The Bank of Japan kept its benchmark rate near zero as it used quantitative easing, becoming the first central bank in modern history to embark on the policy. The BOJ targeted the level of reserves and pumped trillions of yen in excess cash into the economy, trying to encourage bank lending to companies and beat deflation.
The policy failed because the BOJ’s funds sat static in commercial lenders’ accounts at the central bank, even though the target was increased by almost nine times to 35 trillion yen ($411 billion) by early 2004. The money didn’t spark business investment and consumption, and deflation plagued the economy through 2005.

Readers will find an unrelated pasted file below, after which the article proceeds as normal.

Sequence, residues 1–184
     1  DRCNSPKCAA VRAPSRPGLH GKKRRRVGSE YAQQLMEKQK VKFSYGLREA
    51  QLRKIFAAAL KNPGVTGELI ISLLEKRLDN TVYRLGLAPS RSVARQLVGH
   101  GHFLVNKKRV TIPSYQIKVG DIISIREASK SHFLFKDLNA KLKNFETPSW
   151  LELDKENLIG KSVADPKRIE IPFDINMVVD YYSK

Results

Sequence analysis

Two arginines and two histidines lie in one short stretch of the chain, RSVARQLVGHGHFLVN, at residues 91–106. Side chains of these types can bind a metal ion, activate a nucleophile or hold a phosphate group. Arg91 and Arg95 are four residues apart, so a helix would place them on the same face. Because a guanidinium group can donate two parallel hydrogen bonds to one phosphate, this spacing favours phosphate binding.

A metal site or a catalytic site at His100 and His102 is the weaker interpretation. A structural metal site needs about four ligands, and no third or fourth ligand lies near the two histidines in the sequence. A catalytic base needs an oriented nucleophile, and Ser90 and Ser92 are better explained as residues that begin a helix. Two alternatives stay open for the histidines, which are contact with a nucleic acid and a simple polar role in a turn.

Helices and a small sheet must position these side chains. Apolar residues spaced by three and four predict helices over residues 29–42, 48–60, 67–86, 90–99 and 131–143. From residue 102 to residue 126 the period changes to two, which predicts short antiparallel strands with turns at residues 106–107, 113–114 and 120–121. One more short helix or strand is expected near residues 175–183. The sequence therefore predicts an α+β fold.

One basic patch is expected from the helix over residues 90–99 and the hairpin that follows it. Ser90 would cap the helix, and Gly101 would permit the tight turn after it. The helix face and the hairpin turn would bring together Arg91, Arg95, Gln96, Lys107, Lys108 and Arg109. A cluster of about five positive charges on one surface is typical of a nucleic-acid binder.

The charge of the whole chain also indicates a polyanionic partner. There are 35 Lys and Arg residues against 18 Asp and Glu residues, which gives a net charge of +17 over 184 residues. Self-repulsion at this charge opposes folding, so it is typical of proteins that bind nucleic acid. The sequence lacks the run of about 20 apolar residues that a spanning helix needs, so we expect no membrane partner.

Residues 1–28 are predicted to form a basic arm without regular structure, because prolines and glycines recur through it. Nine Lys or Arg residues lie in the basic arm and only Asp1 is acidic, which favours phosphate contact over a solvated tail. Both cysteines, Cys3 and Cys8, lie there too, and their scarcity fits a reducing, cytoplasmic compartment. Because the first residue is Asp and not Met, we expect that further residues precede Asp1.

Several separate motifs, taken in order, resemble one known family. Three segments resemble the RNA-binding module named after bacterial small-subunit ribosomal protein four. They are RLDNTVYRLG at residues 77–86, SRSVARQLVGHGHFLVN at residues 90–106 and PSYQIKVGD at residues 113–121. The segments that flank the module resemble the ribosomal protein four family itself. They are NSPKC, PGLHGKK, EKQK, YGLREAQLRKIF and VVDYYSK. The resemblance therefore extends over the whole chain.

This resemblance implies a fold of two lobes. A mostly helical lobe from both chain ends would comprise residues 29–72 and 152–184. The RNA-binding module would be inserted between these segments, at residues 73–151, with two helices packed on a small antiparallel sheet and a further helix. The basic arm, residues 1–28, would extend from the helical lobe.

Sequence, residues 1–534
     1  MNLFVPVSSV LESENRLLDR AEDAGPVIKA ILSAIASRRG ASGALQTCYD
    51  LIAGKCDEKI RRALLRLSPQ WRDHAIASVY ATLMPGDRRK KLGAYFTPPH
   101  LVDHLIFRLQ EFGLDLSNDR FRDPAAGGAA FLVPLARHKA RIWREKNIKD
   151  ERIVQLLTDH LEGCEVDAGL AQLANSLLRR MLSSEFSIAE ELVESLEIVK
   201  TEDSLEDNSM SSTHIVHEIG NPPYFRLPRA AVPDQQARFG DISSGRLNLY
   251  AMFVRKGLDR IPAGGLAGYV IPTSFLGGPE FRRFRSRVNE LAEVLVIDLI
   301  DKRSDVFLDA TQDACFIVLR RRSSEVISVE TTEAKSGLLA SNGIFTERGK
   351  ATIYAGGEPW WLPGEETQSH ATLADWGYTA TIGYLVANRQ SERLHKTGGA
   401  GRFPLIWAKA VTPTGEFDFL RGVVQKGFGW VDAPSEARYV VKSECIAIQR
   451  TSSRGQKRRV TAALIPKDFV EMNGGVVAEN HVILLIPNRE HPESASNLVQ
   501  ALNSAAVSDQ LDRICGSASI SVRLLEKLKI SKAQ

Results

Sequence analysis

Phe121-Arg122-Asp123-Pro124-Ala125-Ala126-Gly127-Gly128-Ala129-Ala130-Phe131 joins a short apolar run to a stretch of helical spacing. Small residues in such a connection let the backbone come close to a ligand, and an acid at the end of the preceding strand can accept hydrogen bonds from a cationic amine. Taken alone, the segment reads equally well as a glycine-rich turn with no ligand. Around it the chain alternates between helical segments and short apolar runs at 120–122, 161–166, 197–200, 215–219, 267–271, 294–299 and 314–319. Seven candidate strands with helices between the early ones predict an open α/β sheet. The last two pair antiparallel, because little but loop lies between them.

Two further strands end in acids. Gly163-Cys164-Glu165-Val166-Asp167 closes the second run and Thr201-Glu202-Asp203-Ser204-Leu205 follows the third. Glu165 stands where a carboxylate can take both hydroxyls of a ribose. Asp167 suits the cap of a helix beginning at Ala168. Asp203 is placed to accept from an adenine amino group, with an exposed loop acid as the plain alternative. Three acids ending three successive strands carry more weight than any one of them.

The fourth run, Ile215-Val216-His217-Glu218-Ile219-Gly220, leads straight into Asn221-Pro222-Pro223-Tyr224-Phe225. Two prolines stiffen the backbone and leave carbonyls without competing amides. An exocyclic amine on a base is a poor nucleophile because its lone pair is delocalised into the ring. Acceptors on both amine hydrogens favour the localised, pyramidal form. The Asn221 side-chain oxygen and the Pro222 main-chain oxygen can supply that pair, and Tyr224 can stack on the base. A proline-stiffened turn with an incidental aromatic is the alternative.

The Fed, by comparison, is trying to lower borrowing costs by targeting the level and composition of assets it holds that correspond with bank reserves instead of the actual level of excess reserves, which totaled $1.01 trillion as of July 28.
Yves here. Can you see why this won’t work? The Fed’s implicit reasoning is that the BoJ didn’t shove money into the banking system in a way that would lead businesses to borrow, but the Fed has a better mousetrap. Huh? This is the loanable funds fallacy, that if you make money cheap enough, firms will borrow and invest.